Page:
Esophageal Atresia and Tracheoesophageal Fistula. Today those words just roll off my tongue, but two and a half years ago, I had never heard of it. Jill and I found out at our 20-week ultrasound that Lucas “lacked a stomach bubble,” and that fact combined with Jill’s high fluid level meant that Esophageal Atresia was suspected. Ultrasounds are really good at seeing fluid – amniotic fluid and blood. They are really bad at seeing just about everything else. You can see the outline of the baby on ultrasound because the baby is floating in fluid. You can see the heart well on ultrasound because of the blood flow. On ultrasound, you can see the stomach fill and empty with fluid as the baby swallows, unless of course, your baby can’t swallow.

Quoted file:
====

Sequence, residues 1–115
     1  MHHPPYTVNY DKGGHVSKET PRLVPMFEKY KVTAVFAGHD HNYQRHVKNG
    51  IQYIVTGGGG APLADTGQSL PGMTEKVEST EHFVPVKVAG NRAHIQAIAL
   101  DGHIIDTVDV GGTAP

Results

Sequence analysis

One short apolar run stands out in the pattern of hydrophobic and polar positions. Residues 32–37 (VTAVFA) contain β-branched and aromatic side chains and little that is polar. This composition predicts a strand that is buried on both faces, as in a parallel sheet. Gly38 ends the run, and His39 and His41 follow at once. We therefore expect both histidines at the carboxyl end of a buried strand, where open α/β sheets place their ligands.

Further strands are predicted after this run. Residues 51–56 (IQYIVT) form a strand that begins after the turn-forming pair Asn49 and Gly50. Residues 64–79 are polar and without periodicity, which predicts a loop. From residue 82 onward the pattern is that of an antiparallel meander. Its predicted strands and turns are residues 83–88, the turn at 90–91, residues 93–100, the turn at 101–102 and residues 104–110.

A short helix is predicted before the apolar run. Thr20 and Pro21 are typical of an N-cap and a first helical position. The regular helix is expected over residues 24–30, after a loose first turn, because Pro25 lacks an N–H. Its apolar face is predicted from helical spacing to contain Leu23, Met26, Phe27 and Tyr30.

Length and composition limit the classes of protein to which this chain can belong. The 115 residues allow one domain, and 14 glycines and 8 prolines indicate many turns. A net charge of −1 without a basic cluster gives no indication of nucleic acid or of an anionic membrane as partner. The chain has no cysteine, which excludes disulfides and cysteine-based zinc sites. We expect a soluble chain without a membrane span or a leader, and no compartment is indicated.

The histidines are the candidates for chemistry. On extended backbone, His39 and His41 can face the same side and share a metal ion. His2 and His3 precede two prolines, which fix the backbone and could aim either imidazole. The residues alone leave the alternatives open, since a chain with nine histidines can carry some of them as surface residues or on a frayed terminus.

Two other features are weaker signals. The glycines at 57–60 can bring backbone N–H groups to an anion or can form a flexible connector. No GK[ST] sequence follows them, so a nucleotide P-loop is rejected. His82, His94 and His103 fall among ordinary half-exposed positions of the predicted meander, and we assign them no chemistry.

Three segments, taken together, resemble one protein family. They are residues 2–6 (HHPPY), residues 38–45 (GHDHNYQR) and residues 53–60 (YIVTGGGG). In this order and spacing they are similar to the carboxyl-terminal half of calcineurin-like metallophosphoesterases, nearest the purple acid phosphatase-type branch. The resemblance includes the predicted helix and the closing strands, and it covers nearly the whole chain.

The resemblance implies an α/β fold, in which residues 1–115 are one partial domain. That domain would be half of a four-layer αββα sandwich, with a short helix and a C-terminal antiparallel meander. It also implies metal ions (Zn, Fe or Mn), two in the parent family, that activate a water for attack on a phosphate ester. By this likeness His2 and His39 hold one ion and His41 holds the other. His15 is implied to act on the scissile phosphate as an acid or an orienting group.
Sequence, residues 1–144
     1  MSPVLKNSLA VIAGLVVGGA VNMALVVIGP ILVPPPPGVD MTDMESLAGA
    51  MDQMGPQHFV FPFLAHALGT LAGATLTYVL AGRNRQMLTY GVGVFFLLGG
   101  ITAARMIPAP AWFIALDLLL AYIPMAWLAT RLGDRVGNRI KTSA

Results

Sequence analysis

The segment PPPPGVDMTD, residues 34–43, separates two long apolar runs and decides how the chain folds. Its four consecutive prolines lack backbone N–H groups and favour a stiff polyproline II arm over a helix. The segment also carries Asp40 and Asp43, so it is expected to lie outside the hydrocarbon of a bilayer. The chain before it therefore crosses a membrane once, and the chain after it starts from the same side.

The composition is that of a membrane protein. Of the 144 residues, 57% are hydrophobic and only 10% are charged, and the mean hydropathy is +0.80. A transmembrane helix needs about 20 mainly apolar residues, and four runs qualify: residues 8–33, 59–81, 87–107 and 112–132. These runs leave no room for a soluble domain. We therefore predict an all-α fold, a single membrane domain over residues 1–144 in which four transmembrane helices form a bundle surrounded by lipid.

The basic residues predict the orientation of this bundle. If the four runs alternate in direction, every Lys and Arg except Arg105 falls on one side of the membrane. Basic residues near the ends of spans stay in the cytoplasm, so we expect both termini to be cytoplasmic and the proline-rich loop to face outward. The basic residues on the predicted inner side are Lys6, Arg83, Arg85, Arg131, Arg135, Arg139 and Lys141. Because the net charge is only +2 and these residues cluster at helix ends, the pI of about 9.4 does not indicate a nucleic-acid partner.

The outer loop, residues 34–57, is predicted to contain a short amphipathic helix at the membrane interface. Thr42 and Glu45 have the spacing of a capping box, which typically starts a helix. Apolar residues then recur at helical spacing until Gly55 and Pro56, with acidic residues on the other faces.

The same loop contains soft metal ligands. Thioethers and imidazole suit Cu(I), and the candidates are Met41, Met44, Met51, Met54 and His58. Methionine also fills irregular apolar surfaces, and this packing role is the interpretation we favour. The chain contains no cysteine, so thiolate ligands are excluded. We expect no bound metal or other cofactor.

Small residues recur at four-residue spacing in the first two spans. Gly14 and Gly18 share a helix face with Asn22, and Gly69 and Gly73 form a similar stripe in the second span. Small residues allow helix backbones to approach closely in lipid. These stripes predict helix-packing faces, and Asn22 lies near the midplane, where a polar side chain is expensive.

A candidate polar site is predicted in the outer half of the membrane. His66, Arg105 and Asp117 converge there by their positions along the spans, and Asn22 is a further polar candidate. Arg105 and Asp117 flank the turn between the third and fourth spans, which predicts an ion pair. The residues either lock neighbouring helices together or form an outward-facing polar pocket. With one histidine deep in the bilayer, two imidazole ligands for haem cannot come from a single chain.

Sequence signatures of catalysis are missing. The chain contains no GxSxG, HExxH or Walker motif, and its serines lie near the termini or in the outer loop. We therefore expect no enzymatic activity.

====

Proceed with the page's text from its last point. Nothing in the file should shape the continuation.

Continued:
The below video is a good overview of Lucas’ original and longest running battle. It shows the exact type of EA/TEF Lucas was born with. The surgery they describe in this video was performed when our tiny pre-mature Lucas was just 26 hours old. What a fighter and little miracle he has always been!